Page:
Saturday, January 21, 2012

New York City Accuses US District Court Judge Nicholas Garaufis of Bias

New York City accuses Brooklyn judge of bias

1/20/2012COMMENTS (0)

New York City is squaring off against the federal judge who oversaw its years-long litigation with minorityfirefighters, accusing him of bias and a "preoccupation with press coverage."
Throughout the litigation over hiring discrimination, U.S. District Judge Nicholas Garaufis in Brooklyn "displayed a pervasive propensity to excuse shortcomings" in the firefighters' evidence and "discount, or simply ignore," the city's proof, according to the 137-page brief filed by the city Wednesday with the U.S. Court of Appeals for the Second Circuit.
The city is asking the Second Circuit to throw out a sweeping injunction issued by Garaufis last year and order a new trial overseen by a "neutral arbiter."
The lawsuit was filed in 2007 by the U.S. Department of Justice and later joined by a fraternal organization of black firefighters known as the Vulcan Society, and accused the city of systemic discrimination against minorities looking for a job with the New York City Fire Department, or FDNY.
In a series of rulings, Garaufis sided with the plaintiffs and held that, between 1999 and 2007, the department's written examination had "discriminatory effects" on minority applicants.
Following a three-week bench trial in August, he ordered a court-appointed monitor to oversee a "long-term top-to-bottom reassessment" of the city's recruitment process of minority firefighters.
The city has appealed the ruling in an attempt to vacate the injunctive relief.
Now, it is making the judge a focal point of its problems with the court's remedy.
"The picture that emerges is that of a court bound and determined to justify closely supervised 'top-to-bottom' injunctive relief," the city wrote in Wednesday's brief.
The city accused Garaufis of inserting himself into the case by calling his own witnesses and injecting his own experiences into the proceedings. He also allegedly goaded the city by appointing former Manhattan District Attorney Robert Morgenthau -- who has "a long, acrimonious and well-known history of conflict with many city officials directly involved in this case, as well as the city itself" -- as a special master to oversee the city's development of a new firefighter test, according to the brief.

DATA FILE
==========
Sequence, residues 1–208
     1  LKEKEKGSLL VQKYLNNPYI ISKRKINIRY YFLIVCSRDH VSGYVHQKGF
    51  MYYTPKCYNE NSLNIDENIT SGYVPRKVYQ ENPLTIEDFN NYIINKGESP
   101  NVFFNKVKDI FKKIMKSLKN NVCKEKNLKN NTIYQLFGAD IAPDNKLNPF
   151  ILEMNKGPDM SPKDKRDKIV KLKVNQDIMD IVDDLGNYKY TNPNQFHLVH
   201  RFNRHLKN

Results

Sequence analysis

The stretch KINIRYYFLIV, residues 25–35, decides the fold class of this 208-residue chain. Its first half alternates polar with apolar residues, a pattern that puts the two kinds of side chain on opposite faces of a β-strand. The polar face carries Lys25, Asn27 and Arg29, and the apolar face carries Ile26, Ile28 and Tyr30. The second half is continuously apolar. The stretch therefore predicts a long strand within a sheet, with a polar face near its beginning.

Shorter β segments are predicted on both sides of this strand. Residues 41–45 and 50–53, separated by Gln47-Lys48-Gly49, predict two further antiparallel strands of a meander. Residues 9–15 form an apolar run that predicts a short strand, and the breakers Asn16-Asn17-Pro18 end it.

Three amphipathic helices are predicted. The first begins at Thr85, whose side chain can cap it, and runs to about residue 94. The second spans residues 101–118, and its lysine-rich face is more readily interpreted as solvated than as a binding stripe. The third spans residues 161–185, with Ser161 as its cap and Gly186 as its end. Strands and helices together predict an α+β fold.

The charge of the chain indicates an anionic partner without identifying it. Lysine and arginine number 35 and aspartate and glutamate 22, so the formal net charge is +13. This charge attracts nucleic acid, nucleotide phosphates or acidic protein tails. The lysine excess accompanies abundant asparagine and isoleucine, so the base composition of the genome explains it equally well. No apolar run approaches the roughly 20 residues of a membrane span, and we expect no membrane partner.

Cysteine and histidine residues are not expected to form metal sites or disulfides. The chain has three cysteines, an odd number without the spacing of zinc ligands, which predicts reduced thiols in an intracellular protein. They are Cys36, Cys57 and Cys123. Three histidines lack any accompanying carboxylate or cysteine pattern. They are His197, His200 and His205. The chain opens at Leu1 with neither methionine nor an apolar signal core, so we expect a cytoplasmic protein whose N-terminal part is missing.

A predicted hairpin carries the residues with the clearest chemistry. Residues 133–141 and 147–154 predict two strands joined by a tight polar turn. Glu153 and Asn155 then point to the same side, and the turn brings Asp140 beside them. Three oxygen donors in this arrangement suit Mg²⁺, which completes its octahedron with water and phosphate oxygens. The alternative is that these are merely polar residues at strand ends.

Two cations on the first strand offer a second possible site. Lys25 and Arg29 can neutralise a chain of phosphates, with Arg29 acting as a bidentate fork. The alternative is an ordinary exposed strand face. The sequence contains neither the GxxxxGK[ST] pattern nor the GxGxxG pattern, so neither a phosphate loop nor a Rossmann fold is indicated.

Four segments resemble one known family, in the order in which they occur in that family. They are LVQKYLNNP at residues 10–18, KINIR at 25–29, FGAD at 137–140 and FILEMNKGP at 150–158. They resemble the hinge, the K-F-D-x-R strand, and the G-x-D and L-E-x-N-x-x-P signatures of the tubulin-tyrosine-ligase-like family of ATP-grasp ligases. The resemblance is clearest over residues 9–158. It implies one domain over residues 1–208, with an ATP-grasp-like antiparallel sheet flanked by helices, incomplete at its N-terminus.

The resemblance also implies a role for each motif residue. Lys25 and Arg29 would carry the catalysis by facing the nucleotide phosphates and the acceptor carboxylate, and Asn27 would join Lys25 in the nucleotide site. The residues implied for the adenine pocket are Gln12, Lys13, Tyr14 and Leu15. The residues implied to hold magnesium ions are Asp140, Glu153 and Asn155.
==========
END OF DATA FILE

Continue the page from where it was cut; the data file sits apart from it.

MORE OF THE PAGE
Morgenthau later voluntarily stepped down and was replaced by Debevoise & Plimpton partner and former U.S. Attorney for the Southern District of New York Mary Jo White.
But the Morgenthau episode "speaks volumes about the court's lack of detachment," the city wrote. It also pointed out several instances it said were indications that Garaufis was "influenced" by critical statements made by city officials in the press about the case.
"The nature and extent of the foregoing errors, especially the one-sided manner in which the evidence was analyzed, called the district court's impartiality into serious question, as does its preoccupation with press coverage surrounding the case," the city wrote.
Garaufis, through a law clerk, declined to comment on the city's allegations. He was appointed to the federal bench in 2000 by President Bill Clinton.
Darius Charney, a senior staff attorney with the Center for Constitutional Rights representing the Vulcan Society, said he disagreed with the city's portrayal of Garaufis' conduct.
"We think the judge got it right on the law, and his decision was supported by the facts that were in evidence during the three-week trial in August," Charney said.
The firefighter and government plaintiffs' reply brief is due March 2. A spokesman for the U.S. Attorney's Office for the Eastern District of New York declined to comment.
The case is U.S. v. City of New York, in the U.S. District Court for the Eastern District of New York, No. 07-2067.
For the U.S.: Assistant U.S. attorneys Elliot Schachner, Michael Goldberger and David Eskew for the U.S. Attorney's Office, Eastern District of New York; and Eric Bachman, Sharon Seeley, Allan Townsend, Barbara Schwabauer, Jennifer Swedish, Meredith Burrell and Varda Hussain of the U.S. Department of Justice.
For the Vulcan Society: Richard Levy, Dana Lossia and Robert Stroup of Levy Ratner; Anjana Samant and Darius Charney for the Center for Constitutional Rights; and Judith Scolnick of Scott and Scott.
For New York City: Assistant Corporation Counsels Georgia Pestana, William Fraenkel, Edward Sample, James Lemonedes, Kami Barker, Kathleen Comfrey, Patricia Miller and Vivien Ranada.
(Reporting By Jessica Dye)
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